"Cooking rice and dal every day for the family is a chore. Whereas preparing a fancy meal is a gift to the family, an act of self-expression or even seduction'" - so says Abhijit Banerjee, the Nobel laureate economist who also loves to cook. How you perceive cooking depends a lot on how you are socially groomed and what you value. Research from mindfulness shows cooking provides a wonderful opportunity to be present, mindful and aware as opposed to being distracted, stressed or overwhelmed.
Why girls need to cook well?
Growing up in Odisha, my father emphasised, my prospects must be outside the kitchen and hence spending time in it was seen as regressive and subscribing to existing gender norms. He was a liberal who wanted my sister and I to break the mould that women in India need to show off their cooking skills to get married. However, due to my natural inclination and interest in different cuisines, I stole time to be in the kitchen, like an alchemist experimenting with ingredients, tempering spices, testing new flavours, and learnt many dishes from my mother and our family cook. Over the years, my love of cooking has only intensified - for me the kitchen has a positive association - a treasure trove of culinary opportunities where I am able to further hone my interest and talent, and unwind. Having the freedom and choice is integral to happiness in the kitchen. Preparing roti, dal and chawal every day is still a chore for me, I must tell the reader.
Not being able to cook to save your life!
Then there is the other gender norm. Many men grow up without learning how the kitchen works; without knowing how to make a meal or anything else to save their lives. Women in their lives (mothers, sisters and wives) feed them. When men cook, it is praised and applauded, and some of the best chefs in the world are men because they get platforms and opportunities, whereas women don't (as many)-for them it is seen as a duty, a life skill...a man is called a chef, a woman a cook- this is a stark gender imbalance. Some women too, in order to defy existing social norms, have stopped learning how to cook. Zomato and Swiggy have of course come to their rescue. However, there is something valuable to learn from men who do like to present their cooking skills.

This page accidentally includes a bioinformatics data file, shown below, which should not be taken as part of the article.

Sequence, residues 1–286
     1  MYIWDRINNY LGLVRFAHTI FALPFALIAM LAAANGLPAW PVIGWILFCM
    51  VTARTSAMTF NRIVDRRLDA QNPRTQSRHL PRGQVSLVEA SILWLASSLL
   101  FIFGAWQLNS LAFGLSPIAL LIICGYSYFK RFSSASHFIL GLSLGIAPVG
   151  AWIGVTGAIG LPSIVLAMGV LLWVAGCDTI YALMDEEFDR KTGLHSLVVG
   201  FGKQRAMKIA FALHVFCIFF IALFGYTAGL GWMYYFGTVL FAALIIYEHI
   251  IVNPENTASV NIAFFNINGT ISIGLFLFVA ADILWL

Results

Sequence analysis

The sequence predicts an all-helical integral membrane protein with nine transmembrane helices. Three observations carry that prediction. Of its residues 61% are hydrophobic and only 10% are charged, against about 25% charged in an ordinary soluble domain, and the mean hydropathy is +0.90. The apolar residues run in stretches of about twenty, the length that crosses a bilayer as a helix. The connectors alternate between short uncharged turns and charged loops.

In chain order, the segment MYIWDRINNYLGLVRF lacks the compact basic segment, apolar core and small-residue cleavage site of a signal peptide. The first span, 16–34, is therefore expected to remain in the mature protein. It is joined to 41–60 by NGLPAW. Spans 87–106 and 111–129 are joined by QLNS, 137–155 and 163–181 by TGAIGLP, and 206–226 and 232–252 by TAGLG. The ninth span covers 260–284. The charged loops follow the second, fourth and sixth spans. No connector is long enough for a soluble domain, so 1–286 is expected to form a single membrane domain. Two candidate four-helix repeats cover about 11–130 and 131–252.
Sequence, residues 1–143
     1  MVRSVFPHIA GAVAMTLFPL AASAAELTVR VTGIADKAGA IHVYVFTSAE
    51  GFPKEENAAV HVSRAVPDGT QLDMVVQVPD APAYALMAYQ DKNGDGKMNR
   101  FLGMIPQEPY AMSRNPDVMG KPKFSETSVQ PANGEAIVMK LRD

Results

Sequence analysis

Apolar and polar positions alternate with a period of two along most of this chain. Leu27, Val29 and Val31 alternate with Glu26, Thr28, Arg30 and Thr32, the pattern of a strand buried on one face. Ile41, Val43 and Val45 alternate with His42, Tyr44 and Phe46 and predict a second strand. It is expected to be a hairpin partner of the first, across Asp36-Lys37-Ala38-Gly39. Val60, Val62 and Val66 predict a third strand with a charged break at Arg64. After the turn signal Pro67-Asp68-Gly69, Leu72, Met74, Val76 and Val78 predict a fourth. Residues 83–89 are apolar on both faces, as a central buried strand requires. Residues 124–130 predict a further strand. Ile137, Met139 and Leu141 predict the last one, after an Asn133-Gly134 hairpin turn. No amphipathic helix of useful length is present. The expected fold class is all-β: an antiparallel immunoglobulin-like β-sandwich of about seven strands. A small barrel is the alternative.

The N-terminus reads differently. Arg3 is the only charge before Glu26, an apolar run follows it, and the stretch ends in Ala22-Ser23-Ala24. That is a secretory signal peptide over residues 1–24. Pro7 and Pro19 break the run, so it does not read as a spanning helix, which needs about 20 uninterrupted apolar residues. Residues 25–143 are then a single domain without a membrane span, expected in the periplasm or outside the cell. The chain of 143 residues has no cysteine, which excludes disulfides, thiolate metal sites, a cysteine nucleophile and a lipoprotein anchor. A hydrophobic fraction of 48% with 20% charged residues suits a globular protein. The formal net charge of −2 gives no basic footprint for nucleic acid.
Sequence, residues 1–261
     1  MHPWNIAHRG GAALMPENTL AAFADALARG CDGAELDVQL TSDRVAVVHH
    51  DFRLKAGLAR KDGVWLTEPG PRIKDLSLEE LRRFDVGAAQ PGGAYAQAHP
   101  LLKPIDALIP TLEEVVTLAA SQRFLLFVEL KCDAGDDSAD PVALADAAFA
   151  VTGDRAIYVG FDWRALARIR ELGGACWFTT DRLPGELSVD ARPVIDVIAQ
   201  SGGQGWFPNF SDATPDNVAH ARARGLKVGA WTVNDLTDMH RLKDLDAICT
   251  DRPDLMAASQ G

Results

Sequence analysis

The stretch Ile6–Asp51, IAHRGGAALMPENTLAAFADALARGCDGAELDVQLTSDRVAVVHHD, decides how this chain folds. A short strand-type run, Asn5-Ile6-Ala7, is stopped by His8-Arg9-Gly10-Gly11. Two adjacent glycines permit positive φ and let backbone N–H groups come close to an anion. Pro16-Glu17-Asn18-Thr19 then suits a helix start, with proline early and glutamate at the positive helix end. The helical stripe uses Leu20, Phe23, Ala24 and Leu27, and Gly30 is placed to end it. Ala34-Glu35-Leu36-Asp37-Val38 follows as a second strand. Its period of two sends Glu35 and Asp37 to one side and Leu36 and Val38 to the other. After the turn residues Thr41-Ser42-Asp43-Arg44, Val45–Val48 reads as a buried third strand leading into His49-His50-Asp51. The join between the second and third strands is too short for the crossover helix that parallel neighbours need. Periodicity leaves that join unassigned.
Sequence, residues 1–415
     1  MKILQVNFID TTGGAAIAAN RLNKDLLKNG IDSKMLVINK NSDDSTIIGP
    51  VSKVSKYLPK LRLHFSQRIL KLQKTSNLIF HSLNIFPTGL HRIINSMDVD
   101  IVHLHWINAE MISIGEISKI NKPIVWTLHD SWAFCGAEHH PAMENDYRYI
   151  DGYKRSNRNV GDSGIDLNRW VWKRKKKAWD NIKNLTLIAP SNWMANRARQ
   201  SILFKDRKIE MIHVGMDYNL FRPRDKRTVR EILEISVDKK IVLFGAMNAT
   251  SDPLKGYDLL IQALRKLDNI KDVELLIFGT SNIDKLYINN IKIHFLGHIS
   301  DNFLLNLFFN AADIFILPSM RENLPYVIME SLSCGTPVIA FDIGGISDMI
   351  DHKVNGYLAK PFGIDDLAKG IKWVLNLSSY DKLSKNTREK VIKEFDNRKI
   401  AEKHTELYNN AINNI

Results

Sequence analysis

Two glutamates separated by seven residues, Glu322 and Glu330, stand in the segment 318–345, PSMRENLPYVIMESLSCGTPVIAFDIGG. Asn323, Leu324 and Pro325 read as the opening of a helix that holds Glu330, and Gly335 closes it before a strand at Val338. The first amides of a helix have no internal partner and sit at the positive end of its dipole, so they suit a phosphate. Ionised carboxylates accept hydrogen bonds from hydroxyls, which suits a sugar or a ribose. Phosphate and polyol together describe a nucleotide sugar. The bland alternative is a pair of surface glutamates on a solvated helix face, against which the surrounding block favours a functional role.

The new norm - cooking as an art - and should not be linked to gender
Cooking is ultimately a life skill, but it is a refined art form too. Cooking presents the opportunity to anchor the mind and focus attention on the senses tuning them into sights, smells, sounds and textures of the culinary tasks at hand. Cooking develops confidence, mental focus and an ability to create and present which is linked to a deeper relationship with yourself. This can help deal with many life situations. Therefore, men and women, both need to view cooking and their time in the kitchen as a way to deal with life - creatively! Presenting and enjoying the meal cooked (eating alone or together) with appreciation and gratitude is an attitude that we must cultivate. So who does the cooking need not matter - what should matter is how well you have learnt a life skill - to nourish your palate and ultimately to please your soul. So go ahead and spread that aroma of happiness from your kitchen for yourself and others.
Author Bio: Anindita Pattanaik, Consultant Psychologist and Mindfulness Practitioner.
Disclaimer: These are the personal opinions of the author.